The turn of the century was the golden age of the great international exhibitions, the venues at which artisans from across the globe would showcase their absolute best creations for the world to see. The items on display were the often the finest examples of science and art ever created, as the sheer number of visitors provided the unique opportunity for artists to display the very best they had to offer. This incredible silver-gilt tea table is one such masterpiece, exhibited at not one but two international exhibitions. Created especially for the 1904 St. Louis International Exposition and later exhibited at the Exposition de Liége in 1905, its artistry and craftsmanship rival those of silver works found in any museum in the world.
The one-of-a-kind table was created by the renowned Paris firm of Maison Aucoc, one of the leading goldsmiths and jewelers of the Second Empire and Art Nouveau movements. This tea table, along with the vermeil tea set that it once held, was the sole contribution of the firm to the St. Louis Exposition. It is clear from both its materials and its exceptional level of detail that Aucoc succeeded in making something worthy of this international stage – the judges agreed, as the set won him a Grand Prize. It can be counted among the firm’s masterpieces and is undoubtedly one of the most significant exhibition objects to have ever come on the market.
The piece was clearly crafted with both luxury and grandeur in mind. Unlike almost all other tables from this period that were crafted from gilt bronze, this particular example stands apart as one of the select few made from 95% pure silver – the highest standard in the world. Crafted in the Empire style, it is a tour de force of silver design. Palmettes and rosettes encircle the circular top, which is inset with a solid specimen of green marble. A capital column resting on acanthus leaves supports it at the center, while three winged women terminating in lion’s claws support the outer edges.
While the designs for Aucoc’s tea set were inspired by drawings by the great French designer Charles Percier, this table almost certainly took its inspiration from the gilt-bronze mounted furniture of the firm Thomire Duterme et Cie. Led by the great sculptor Pierre-Philippe Thomire, the firm was the preeminent Parisian gilt metal manufacturer of the early 19th century, patronized by Napoléon, King George IV, and other royals from around the world. A gilt-bronze mounted malachite table made by Thomire for the Russian Prince Demidoff in 1819, now found in the Pitti Palace (Florence), is supported by similar acanthus-draped winged female torsi as are found in the present table. Aucoc specialized in works that looked back to the great designers of the First Empire, evoking the elegance of a bygone era.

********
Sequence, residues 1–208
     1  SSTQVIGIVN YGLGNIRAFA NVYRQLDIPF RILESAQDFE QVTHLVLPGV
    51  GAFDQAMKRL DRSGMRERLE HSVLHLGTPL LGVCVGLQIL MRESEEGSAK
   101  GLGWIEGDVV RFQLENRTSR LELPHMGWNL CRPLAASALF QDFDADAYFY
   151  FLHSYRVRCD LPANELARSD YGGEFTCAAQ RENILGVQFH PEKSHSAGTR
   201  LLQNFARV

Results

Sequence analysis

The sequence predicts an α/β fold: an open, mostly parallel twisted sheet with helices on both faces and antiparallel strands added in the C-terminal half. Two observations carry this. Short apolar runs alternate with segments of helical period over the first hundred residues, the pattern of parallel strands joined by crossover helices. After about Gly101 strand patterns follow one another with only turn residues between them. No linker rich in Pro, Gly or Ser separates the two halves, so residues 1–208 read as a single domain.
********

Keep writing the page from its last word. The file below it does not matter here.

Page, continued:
The Maison Aucoc of was founded in 1821 by Louis Aucoc Aine as a silversmithing business at 154 Rue St. Honoré in Paris. In 1835, the business moved to Rue de la Paix, and in 1854, he retired and left his son Louis Aucoc in charge of the family firm. During his tenure, Aucoc added jewelry manufacturing to the already successful silver business with great success. The 1870s proved to be a time of great expansion for the company. Aucoc purchased the Maison Lobojois and consolidated both businesses to create La Maison Aucoc, where the legendary René Lalique apprenticed. Aucoc participated in the major international exhibitions of the day with some of the firm's grandest furniture and jewelry creations.
This table was undoubtedly one of the firm’s greatest exhibition contributions. Presented among the very best works not only from France, but from around the globe, it stood above all the rest and won Aucoc the Grand Prize. As G. Henry stated in his overview of the St. Louis exposition: “The set will remain one of the most interesting documents of the French Goldsmith of our time and is a great honour to Mr. Aucoc, confirming once again his talent appreciated by the member of the jury who unanimously awarded him the Grand Prize.”
Marked “Andre AUCOC Paris” and with the hallmark for .950 standard silver.
39 3/4” diameter x 36” high
Exposition Internationale de Saint Louis (U.S.A) 1904. Section Française. Rapport des Groupes 30 [Orfèvrerie] et 29 [Coutellerie], Paris, 1905, by G. Henry, p. 21, ill. p. 19
Le Livre d’Or de L’Exposition Universelle et Internationale de 1905, Paris, 1905, by G. Drèze, pp. 629-30
“L’Exposition de Liège,” La Quinzaine Revue Littéraire, Artistique et Scientifique, Vol. LXVIII, Paris, 1906, p. 117
L’Art Français depuis Vingt Ans: Le Travail du Métal, Paris, 1921, p. 66